As the day progressed, a crowd gathered outside the bank to cheer him on. “Give him his money, give him his money,” they shouted in unison, pressing against a line of soldiers.
The incident reflected deep frustration in Lebanon over an ever-worsening economic crisis. Since 2019, there have been ad hoc limits on the amount of hard currency depositors can withdraw, an effort to avoid a run on banks and a collapse of the financial system. This policy has led to waves of nationwide protests, demanding accountability for the country’s dynastic political class and an end to rampant corruption.
But the country has only sunk deeper into economic malaise, with the pound losing more than 20 times its value against the US dollar since 2019. The World Food Program estimates that 46% of Lebanese households have no enough to eat.
Al-Sheikh Hussein broke into the bank saying he needed the money in his account to pay his father’s medical bills, a claim later corroborated by his brother. Banks currently allow depositors to withdraw a maximum of $400 per month.
Among those who gathered in front of the bank to show their solidarity was Sandy Chamoun, a 35-year-old artist.
“Each of us was robbed from different directions, from banks and from the government,” she said. “I thought we should be on the outside, supporting him, so he doesn’t give up, feel lonely or beleaguered.”
“It’s called self-defense,” Chamoun added. “They have been depriving us of our money for three years and he tells them ‘my father is sick’. What more could they want? »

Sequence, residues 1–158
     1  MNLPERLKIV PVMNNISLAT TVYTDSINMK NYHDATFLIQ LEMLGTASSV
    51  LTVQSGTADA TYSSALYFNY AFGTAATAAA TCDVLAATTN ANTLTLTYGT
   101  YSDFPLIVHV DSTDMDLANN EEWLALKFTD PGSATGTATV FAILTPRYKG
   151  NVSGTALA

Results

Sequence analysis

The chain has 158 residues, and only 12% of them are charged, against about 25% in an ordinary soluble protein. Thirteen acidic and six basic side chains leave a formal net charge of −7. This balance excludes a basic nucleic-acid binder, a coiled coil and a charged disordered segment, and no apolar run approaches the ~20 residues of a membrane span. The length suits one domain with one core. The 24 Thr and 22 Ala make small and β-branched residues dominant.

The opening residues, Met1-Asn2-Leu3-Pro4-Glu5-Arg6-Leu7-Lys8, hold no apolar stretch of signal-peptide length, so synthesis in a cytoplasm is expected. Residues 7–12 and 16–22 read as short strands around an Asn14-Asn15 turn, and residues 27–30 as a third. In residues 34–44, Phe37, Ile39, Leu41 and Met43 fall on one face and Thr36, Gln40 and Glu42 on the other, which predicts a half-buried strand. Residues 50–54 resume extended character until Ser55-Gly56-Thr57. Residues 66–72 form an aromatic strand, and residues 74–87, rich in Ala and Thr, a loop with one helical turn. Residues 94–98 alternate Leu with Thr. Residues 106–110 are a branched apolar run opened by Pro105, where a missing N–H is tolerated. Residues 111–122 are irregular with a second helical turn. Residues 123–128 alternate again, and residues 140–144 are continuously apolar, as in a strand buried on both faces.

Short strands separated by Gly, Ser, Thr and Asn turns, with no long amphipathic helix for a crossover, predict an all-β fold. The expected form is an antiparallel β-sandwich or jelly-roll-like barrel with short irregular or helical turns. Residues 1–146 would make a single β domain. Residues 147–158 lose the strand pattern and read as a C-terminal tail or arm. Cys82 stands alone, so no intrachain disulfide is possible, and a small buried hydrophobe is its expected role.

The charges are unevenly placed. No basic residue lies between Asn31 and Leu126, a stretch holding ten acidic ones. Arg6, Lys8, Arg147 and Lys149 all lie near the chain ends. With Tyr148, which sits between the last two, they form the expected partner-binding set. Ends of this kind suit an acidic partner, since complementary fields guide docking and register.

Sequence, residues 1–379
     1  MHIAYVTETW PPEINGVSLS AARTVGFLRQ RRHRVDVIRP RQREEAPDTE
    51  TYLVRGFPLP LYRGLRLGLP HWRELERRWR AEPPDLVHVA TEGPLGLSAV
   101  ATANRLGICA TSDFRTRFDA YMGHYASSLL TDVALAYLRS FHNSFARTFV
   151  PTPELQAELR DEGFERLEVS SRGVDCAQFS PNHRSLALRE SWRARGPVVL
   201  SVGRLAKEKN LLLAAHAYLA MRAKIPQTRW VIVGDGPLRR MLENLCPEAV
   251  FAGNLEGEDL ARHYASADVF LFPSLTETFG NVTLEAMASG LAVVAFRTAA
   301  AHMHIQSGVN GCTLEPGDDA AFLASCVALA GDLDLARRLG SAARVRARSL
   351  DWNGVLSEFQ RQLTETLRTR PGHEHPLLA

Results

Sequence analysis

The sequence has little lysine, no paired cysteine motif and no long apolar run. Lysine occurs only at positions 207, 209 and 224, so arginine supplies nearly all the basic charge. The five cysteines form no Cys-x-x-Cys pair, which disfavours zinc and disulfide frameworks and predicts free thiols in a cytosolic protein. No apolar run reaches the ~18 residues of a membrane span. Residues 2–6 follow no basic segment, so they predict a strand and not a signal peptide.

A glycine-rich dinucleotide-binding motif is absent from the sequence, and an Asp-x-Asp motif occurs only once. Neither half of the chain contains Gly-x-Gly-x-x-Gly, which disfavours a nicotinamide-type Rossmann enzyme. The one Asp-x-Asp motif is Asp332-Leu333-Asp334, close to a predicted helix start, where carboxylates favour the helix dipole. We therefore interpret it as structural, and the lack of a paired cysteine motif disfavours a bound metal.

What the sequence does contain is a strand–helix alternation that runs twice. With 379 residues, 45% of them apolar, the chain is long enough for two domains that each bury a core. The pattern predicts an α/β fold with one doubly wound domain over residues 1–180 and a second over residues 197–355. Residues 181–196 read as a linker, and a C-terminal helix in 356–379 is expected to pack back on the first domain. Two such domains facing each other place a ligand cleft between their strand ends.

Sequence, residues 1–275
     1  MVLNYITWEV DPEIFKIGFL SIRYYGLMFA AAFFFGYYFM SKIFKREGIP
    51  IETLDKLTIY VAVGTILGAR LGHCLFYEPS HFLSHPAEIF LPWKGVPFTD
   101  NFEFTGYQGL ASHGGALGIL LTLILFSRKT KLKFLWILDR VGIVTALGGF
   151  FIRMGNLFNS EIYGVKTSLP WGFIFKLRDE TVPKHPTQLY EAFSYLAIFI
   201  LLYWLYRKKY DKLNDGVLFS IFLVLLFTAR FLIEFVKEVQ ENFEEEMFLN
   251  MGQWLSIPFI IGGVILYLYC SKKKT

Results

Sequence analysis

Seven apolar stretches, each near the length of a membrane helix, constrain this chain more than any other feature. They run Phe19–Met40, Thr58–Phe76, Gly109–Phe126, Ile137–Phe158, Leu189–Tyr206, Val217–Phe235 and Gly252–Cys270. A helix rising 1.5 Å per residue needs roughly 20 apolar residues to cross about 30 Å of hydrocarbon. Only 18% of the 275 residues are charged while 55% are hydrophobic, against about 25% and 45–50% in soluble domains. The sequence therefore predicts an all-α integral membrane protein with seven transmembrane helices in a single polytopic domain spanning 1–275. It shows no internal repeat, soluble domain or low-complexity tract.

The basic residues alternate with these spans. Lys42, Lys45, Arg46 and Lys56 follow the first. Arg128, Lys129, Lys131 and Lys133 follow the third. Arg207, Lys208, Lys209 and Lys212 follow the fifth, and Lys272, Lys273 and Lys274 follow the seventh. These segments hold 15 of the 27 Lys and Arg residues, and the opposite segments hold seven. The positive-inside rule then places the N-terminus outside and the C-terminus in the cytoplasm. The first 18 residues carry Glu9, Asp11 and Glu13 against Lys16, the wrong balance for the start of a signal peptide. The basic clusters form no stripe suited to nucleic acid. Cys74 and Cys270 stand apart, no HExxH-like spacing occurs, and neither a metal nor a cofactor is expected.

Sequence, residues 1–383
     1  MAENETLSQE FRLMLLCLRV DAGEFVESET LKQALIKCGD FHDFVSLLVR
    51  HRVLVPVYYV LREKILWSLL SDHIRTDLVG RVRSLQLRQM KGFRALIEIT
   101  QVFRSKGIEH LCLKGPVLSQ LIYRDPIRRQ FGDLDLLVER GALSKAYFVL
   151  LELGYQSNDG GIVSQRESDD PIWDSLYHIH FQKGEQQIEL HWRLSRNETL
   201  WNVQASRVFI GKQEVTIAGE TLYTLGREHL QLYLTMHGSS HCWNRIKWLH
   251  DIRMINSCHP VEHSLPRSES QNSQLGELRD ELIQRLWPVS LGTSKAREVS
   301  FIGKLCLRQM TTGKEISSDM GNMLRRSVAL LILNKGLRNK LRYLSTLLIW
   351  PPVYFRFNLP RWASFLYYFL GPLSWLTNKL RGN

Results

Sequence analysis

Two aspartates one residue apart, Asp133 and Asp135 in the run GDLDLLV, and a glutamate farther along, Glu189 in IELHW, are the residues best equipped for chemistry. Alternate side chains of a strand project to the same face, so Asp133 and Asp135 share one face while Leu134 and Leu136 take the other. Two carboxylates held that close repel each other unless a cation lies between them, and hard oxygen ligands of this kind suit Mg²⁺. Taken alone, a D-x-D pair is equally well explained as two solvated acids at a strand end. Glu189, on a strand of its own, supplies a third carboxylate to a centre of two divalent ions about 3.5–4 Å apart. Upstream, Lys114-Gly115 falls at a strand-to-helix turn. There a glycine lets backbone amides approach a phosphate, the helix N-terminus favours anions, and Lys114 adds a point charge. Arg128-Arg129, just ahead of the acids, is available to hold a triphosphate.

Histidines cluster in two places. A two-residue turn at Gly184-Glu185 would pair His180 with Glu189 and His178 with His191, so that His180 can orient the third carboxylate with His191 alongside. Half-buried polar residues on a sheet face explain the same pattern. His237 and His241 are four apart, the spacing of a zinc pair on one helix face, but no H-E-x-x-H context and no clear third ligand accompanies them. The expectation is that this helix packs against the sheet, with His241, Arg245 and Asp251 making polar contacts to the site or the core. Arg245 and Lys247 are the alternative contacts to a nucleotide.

Chamoun’s late father and mother were both bank employees. Her mother retired two years before the crisis hit and she saw their savings locked away in an institution she had worked in for more than 40 years.
“What’s more insulting is that it happens to someone who all his life worked in a bank,” Chamoun said.
Hassan Moghnieh, the head of the Association of Depositors in Lebanon, who also mediated in the negotiations, said the gunman took eight hostages: six employees, the bank branch manager and a customer. He rejected the bank’s offers of $5,000, $10,000, and $30,000, eventually agreeing to have $35,000 given to his brother in exchange for his delivery and release of the hostages.
After a nearly seven-hour standoff, Al-Sheikh Hussein was escorted away in a white van. Some applauded him, others applauded him. It was unclear what criminal charges, if any, he might face.
Although May’s elections ushered in new independent candidates who raised hopes in the country, the government is still largely led by the same families and parties that fought in a 15-year civil war that ended in 1990.
The governor of the Central Bank of Lebanon, Riad Salameh, is under investigation, accused in March of illicit enrichment and money laundering. Last month, the central bank was raided by security agents. But with judicial authorities frequently on strike, corruption investigations tend to drag on unresolved.
Dina Abou Zour, a lawyer at the Union of Depositors, predicted that people would continue to resort to desperate measures if banks and politicians did not respond to their demands.
“We are really trapped. We are the hostages, not the [bank] the employees or, as it is described, the banks,” she said. “We are the victims; we are not the criminals.
Haidamous reported from Washington.